Sensing and perceiving fascinate me. Our senses flood us with information (sensing), but it is only when our brains perceive this information, sorting and making sense of it, that we understand our worlds. As an artist, I explore the many different ways that I can shift how I perceive the world by directing my attention, and representing what I perceive in different ways for others to understand. In my realistic work, I play tricks with the materials to fool the eye into believing a convincing illusion. In plein air painting and in sculpture, I edit what I see to its basics of shape, light, and color or form, in such a way as to (hopefully) encourage the viewer to fill in the gaps while still appreciating the surface work of the art object. In my abstract work, I create layered worlds that are experiences in themselves. In my symbolic work, I use imagery as a shortcut to speak directly to my own and others' associations to make meaning and tell stories, or use juxtaposition to encourage new associations and ideas. By playing with differing degrees of all of these perceptual filters through my different bodies of work, I come to better understand not only how I engage with the world, but also to empathize with the diversity of perception in all of us. I am constantly amazed by the different ways that humans understand and engage with the world, and just as amazed by our ability to understand one another despite these differences.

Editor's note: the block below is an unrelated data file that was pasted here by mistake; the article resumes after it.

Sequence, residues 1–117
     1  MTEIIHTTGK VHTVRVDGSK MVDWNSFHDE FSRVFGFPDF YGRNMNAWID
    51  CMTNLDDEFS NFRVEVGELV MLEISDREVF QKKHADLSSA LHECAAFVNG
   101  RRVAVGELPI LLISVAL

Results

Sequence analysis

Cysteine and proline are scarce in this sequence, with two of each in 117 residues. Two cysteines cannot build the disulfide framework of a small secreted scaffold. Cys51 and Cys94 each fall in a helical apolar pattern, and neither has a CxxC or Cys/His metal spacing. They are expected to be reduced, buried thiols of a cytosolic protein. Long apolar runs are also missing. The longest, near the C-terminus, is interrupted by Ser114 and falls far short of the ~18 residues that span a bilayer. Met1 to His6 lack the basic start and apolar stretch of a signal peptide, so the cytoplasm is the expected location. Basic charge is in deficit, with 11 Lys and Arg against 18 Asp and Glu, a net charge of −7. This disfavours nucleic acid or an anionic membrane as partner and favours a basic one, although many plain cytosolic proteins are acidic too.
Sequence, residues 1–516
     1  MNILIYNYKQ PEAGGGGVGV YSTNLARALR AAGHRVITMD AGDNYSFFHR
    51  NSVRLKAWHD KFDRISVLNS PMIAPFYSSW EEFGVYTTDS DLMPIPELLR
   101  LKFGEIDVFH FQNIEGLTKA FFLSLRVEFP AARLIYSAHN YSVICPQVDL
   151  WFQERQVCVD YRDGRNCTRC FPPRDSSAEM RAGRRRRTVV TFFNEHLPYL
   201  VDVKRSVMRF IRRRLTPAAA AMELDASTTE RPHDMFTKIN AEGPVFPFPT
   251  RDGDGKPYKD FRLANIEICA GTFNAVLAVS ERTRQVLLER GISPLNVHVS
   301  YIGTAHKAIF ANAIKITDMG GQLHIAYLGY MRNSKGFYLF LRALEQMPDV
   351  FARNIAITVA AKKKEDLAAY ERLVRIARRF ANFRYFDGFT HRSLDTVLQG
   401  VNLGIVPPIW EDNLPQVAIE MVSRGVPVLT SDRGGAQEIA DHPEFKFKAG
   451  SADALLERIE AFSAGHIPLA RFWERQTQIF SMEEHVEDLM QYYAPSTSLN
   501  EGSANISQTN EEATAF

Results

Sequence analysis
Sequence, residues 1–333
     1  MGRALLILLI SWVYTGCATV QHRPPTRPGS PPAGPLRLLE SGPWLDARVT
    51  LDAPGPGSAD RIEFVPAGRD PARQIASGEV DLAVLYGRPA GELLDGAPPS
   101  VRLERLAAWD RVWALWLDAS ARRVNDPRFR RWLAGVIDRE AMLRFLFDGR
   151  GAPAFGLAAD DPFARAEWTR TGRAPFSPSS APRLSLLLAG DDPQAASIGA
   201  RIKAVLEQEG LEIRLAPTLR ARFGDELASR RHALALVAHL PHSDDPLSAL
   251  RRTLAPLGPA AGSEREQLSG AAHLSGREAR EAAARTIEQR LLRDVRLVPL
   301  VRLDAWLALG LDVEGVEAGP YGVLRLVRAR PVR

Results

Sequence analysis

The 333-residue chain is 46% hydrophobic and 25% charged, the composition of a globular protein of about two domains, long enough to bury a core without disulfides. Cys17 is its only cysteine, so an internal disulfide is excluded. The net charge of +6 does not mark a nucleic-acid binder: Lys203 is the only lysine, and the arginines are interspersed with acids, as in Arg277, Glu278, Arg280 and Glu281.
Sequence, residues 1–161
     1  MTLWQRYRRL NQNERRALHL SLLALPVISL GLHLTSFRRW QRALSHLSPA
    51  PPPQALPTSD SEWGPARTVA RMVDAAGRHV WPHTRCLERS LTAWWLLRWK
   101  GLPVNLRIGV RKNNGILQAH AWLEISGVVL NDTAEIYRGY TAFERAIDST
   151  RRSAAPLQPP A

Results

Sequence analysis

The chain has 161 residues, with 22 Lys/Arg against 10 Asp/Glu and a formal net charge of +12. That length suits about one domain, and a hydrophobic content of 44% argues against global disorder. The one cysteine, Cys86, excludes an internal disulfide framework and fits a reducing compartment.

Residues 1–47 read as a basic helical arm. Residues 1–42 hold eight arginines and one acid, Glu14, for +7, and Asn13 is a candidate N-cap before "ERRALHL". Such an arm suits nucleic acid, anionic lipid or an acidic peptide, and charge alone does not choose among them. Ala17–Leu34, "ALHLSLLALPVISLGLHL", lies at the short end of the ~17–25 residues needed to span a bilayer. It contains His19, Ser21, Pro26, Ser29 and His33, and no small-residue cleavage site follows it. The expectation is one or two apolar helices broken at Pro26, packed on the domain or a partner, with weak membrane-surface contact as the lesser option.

Jennie Mizrahi graduated from the Maryland Institute College of Art with a Bachelor of Fine Arts in sculpture, then moved to Loveland, Colorado to work at a bronze foundry and pursue her art career.
A few years later, she discovered she also had a passion for teaching, and earned her licensure for K-12 art instruction and her Masters in Teaching at the University of Northern Colorado. While teaching full time, she continued to show and sell her work, expanding beyond sculpture to painting and mixed media, as well as playing around with other media.
She took a few years off from art production and sales while completing her Doctorate in Curriculum and Instruction at the University of Denver, where she has also served as an adjunct professor. (If you are interested, her dissertation on the underachievement of creative students can be found at https://digitalcommons.du.edu/tls_doctoral/10/ ) With her degree complete, she has returned to art with a passion, and is once again participating in shows across the region.
She currently lives in Fort Collins, Colorado, with her husband and three cats.